The State notes that the Court in Murchison found that the one-man grand jury considered himself a part of the prosecution. 349 U.S. 133, 137, n. 8. See also note 19, infra.
 See Scigliano, Inquisitorial Proceedings & Separation of Functions: The Case of the Michigan One-Man Grand Jury, 38 U. of Detroit L. J. 82, 88 (1960), for a description of the role of the Michigan judge-juror as part of the prosecution team.
 For a discussion of contempt, see Goldfarb, The Contempt Power (1963); Sedler, The Summary Contempt Power and the Constitution: The View from Without and Within, 51 N.Y.U.L. Rev. 34 (1976); Kuhns, Limiting the Criminal Contempt Power: New Roles for the Prosecutor & The Grand Jury, 73 Mich. L. Rev. 484 (1975); Falco, Federal Criminal Contempts & The Proposed New Federal Criminal Code, 11 Am. Cr. L. Rev. 429 (1973); Dobbs, Contempt of Court: A Survey, 56 Corn. L. Q. 183 (1971); Kutner, Contempt Power:The Black RobeA Proposal for Due Process, 39 Tenn. L. Rev. 1 (1971); Maloney, Civil & Criminal Contempt in Wisconsin, 8 Wis. Continuing Legal Educ. 87 (1968); Beilfuss, Contempt of Court, 31 Wis. Bar Bull. 10 (April 1958); Comment (Gloe), Contempt of Court: Some Considerations for Reform, 1975 Wis. L. Rev. 1117; Note, The Coercive Function of Civil Contempt, 33 U. Chi. L. Rev. 120 (1965); Statute Law Comment, Contempt, 9 Wis. L. Rev. 166, 278 (1934); Shillitani v. United States, 384 U.S. 364 (1966); Gompers v. Buck's Stove & R. Co., 221 U.S. 418 (1911); Wisconsin v. King, 82 Wis. 2d 124, 262 N.W.2d 80 (1978); Upper Lakes Shipping v. Seafarer's I. Union, 23 Wis. 2d 494, 128 N.W.2d 73 (1964); Upper Lakes Shipping v. Seafarers' International Union, 22 Wis. 2d 7, 125 N.W.2d 324 (1963).
 Wisconsin v. King, 82 Wis. 2d 124, 129, 262 N.W.2d 80 (1978). See also Upper Lakes Shipping v. Seafarers' International Union, 22 Wis. 2d 7, 14, 125 N.W.2d 324 (1963).
 "Of course, it is important that the laws should be enforced, and that every violation thereof should be punished. But it is still more important that, as far as possible, every person accused of an offense should have a fair trial before an impartial tribunal." State ex rel. Getchel v. Bradish, 95 Wis. 205, 206, 207 (1897). See also Ward v. Village of Monroeville, 409 U.S. 57, 61 (1972).
 Nilva v. United States, 352 U.S. 385, 396 (1957), reh. den. 353 U.S. 931; Brown v. United States, 359 U.S. 41, 48 (1959); In re Puerto Rico Newspaper Guild Local 225, 476 F.2d 856, 859 (1st Cir. 1973); In re La Marre, 494 F.2d 753, 755, 756 (6th Cir. 1974); United States v. Prugh, 479 F.2d 611, 613 (8th Cir. 1973).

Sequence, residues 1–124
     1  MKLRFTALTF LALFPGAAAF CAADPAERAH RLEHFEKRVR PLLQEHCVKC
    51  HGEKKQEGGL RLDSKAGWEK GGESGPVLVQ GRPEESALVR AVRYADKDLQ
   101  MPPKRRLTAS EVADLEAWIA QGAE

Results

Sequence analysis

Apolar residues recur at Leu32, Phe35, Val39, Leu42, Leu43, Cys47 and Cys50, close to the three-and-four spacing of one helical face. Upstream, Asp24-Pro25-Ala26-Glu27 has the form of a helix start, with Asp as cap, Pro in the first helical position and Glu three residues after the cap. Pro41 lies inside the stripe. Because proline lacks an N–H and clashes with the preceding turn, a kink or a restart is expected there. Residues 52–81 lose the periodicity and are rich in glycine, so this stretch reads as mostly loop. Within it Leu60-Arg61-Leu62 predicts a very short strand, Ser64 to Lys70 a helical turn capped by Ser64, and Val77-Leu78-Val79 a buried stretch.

"The court is not a party. There is nothing that affects the judges in their own persons. Their concern is only that the law should be obeyed and enforced, and their interest is no other than that they represent in every case." United States v. Shipp, 203 U.S. 563, 574 (1906).
 Ungar v. Sarafite, 376 U.S. 575, 584 (1964). Cf. United States v. Handler, 476 F.2d 709 (1973).
Some state courts have gone further and have stated that in the interest of sound administration of justice appellate courts should not be forced to undertake the painstaking task, on a case-by-case basis, of evaluating whether a judge has become embroiled or has lost his or her objectivity. These courts have adopted an all-inclusive rule that the trial judge whose order is disobeyed cannot preside over the contempt proceedings: Wollen v. New Mexico, 86 N.M. 1, 518 P.2d 960 (1974); People v. Kurz, 35 Mich. App. 643, 192 N.W.2d 594, 603 (1971). Both these cases were criminal contempt cases.
 "Of course, the rule is very plain that no man can be plaintiff or prosecutor in any action, and at the same time sit in judgment to decide in that particular case, either in his own case or in any case where he brings forward the accusation or complaint on which the order is made." The Queen v. London County Council, 1 Q.B. 190, 195, 196, quoted in State ex rel. Getchel v. Bradish, 95 Wis. 205, 208 (1897). See also State ex rel. Ball v. McPhee, 6 Wis. 2d 190, 211, 94 N.W.2d 711 (1959).
 This court has recognized the possibility that a "judge, whose order or process has been disobeyed, may not be able to decide the contempt issue as impartially as a judge who has had no part in the proceedings giving rise to the citation for contempt." State v. Ramsay, 16 Wis. 2d 154, 164, 114 N.W.2d 118 (1962). Accordingly in the Ramsay case we recommended that "[t]he judge who issued the disobeyed order or process should give consideration to whether he should take the discretionary step of disqualifying himself in order to permit another judge to try the contempt issue." 16 Wis.2d at 164. Ramsay was a criminal contempt case which arose before the legislature required criminal contempts to be tried by a different judge. The author of this opinion believes that the rationale of the case is applicable to civil contempt cases.
 Sec. 295.01, Stats.: